by Kevin Stuckey, M.Ed., CCC-SLP
What is Working Memory?
Working Memory is the ability to store information temporarily for
immediate recall for a short time. This is important when children are
trying to remember a story, complete math word problems, or follow
multi-step directions, etc. We have two kinds of working memory:
auditory memory and visual-spatial memory. Auditory memory records
what we’re hearing, while visual-spatial memory captures what we’re
seeing. Effective working memory is key to learning. Here are ways
children learn using working memory.
Working Memory and Accessing Information
Unlike short-term memory, working memory isn’t stored for later use but accessed
immediately—even while the addition of relevant information is taking place. Children
with weak working memory skills have difficulty grabbing and holding on to complex,
Tip: Work on visualization skills. - Encourage your child to practice creating a
picture in his mind of what he just read or heard. For example, if you’ve told him to set
the table for five people, ask him to make a mental picture of what the table should look
like. Then, have him draw that picture. As he gets better at visualizing, he can describe
the image to you instead of drawing it.
Working Memory and Remembering Instructions
To perform an activity, children rely on both incoming information and information
stored in working memory. This can make it challenging to follow multi-step directions.
Children with weak working memory skills have difficulty keeping in mind what comes
next, while they’re doing what comes now.
Tip: Have your child teach you. Being able to explain how to do something
involves making sense of information and mentally filing it. If your child is learning a
skill, ask him to teach it to you or repeat the directions of the task. This gives the child
an opportunity to practice the skill of remembering a sequence of steps while explaining
each step, one at a time.
Working Memory and Paying Attention
The part of the brain responsible for working memory is also responsible for maintaining
focus and concentration. Working memory skills help children pay attention to what they need to remember. Two examples are recalling facts from a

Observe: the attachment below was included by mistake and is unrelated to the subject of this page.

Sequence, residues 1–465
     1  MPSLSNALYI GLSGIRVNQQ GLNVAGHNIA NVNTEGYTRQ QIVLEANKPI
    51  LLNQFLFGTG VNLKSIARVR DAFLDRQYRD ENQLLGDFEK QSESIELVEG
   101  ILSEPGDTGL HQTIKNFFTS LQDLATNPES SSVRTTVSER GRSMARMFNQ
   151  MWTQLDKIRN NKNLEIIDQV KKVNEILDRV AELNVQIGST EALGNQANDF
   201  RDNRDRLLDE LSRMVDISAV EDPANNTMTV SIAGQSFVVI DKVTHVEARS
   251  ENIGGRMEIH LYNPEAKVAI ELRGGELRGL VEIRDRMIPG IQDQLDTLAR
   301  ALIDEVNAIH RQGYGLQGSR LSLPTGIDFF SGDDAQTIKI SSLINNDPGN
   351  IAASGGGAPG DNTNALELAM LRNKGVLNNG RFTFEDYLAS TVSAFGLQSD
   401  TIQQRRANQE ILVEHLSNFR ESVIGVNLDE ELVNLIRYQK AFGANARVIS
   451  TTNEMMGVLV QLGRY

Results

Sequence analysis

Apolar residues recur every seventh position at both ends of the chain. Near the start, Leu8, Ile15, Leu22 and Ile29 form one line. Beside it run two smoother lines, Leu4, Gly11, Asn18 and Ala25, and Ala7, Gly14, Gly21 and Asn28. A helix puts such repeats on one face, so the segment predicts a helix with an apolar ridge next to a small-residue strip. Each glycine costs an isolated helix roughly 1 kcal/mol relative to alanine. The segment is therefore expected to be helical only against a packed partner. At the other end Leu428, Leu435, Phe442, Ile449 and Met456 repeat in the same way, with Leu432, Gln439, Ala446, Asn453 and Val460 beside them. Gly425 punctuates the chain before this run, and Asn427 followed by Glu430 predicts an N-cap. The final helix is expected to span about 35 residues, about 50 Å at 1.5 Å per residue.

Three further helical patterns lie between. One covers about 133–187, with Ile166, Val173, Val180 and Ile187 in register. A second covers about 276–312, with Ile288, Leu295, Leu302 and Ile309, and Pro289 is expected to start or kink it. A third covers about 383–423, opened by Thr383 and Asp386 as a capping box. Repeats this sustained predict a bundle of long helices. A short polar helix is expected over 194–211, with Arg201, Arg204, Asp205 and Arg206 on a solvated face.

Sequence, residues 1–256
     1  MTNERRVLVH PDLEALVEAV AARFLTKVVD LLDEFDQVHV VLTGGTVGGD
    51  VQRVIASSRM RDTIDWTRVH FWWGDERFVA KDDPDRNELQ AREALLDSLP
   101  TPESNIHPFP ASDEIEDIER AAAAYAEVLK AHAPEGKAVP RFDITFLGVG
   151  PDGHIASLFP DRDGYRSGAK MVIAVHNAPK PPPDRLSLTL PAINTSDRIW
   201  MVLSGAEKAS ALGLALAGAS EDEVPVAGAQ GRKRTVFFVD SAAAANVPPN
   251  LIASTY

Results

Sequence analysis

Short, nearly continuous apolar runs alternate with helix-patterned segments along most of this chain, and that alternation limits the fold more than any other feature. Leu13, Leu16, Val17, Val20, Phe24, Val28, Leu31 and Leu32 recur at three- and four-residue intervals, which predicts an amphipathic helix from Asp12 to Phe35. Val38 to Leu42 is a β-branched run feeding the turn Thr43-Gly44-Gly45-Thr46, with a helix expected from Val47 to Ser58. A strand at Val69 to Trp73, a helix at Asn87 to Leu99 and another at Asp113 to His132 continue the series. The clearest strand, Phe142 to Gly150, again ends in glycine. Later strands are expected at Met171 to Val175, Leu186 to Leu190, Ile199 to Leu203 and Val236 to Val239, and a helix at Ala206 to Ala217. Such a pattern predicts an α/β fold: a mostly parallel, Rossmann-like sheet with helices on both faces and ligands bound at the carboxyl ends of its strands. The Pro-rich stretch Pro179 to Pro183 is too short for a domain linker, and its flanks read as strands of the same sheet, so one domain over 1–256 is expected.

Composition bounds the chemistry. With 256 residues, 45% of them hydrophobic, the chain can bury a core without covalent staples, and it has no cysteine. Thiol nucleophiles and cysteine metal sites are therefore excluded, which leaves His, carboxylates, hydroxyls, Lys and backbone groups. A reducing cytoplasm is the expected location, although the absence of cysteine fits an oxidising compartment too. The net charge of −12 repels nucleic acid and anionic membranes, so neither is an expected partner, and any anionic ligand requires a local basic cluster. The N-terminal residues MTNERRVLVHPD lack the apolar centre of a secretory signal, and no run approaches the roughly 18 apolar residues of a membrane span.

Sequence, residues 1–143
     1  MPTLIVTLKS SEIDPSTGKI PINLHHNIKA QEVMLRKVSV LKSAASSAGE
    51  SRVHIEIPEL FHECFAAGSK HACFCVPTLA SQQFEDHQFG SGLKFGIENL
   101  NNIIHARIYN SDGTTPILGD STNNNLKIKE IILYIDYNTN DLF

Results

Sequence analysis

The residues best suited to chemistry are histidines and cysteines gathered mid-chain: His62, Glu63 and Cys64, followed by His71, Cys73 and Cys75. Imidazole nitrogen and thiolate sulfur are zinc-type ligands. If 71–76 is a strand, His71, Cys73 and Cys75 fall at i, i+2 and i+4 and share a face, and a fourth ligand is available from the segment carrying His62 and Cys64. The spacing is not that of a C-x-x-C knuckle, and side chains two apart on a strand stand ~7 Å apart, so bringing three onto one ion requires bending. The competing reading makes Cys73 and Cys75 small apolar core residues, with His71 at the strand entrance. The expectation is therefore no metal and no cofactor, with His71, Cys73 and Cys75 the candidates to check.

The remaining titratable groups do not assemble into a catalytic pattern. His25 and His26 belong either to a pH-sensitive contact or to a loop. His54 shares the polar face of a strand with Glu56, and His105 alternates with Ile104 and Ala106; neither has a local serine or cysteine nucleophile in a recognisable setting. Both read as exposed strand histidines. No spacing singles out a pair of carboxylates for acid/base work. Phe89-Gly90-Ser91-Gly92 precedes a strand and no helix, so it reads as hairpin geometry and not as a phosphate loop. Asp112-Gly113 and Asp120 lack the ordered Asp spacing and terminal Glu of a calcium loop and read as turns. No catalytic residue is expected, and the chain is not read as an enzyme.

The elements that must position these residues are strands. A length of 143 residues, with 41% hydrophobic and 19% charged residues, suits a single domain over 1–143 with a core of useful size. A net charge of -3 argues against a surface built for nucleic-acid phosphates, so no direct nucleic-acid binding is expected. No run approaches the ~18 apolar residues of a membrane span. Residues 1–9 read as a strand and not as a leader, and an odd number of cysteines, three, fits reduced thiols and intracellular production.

presented story and following multi-step directions. Children
use working memory to remember not only the sequence of
events in the story but to remember and retain the relevant
details. Children with weak working memory skills have
trouble staying on task. With multi-step directions, children
may remember the first or last direction but not the directions
Tip: Play Cards and Games - Simple card games like Crazy Eights, Uno, and Go Fish
can improve working memory in two ways: the child has to remember the cards he has,
as well as keep the rules of the game in mind at the same time. Games such as Simon
Says can also improve the skill of following directions.
Working Memory and Learning to Read
Working memory is responsible for many of the skills children use to learn to read as they
sound out words and begin to recognize words by sight. Auditory working memory helps
children remember the sounds letters make as they sound out new words. Visual working
memory helps children remember what those words look and sound like. When these
skills are working effectively, children will not have to sound out every word, allowing
them to read with less hesitation and, therefore, becoming more fluent readers.
Tip: Suggest games that use visual memory - Playing memory matching card
games can help children work on visual memory. Other activities include using a
magazine page and asking the child to circle all instances of a specific word in one
minute. You can also use flash cards with words printed on them. Have the child take a
moment and look at several word cards, and then turn them over and ask the child to
recall the words printed on the cards.